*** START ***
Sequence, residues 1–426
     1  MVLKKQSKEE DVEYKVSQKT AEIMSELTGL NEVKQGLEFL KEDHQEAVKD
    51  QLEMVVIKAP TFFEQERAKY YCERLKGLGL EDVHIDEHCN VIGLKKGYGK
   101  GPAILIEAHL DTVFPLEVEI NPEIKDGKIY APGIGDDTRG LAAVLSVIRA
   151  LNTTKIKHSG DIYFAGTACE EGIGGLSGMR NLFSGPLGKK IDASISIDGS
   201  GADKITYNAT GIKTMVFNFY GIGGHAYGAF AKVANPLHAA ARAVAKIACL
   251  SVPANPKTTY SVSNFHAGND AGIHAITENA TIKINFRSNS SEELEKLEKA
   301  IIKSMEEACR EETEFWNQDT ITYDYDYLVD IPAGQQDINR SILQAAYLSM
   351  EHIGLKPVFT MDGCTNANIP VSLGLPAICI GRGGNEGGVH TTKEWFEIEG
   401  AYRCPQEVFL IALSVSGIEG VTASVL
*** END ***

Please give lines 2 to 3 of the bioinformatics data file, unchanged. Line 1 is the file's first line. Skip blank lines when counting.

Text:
     1  MVLKKQSKEE DVEYKVSQKT AEIMSELTGL NEVKQGLEFL KEDHQEAVKD
    51  QLEMVVIKAP TFFEQERAKY YCERLKGLGL EDVHIDEHCN VIGLKKGYGK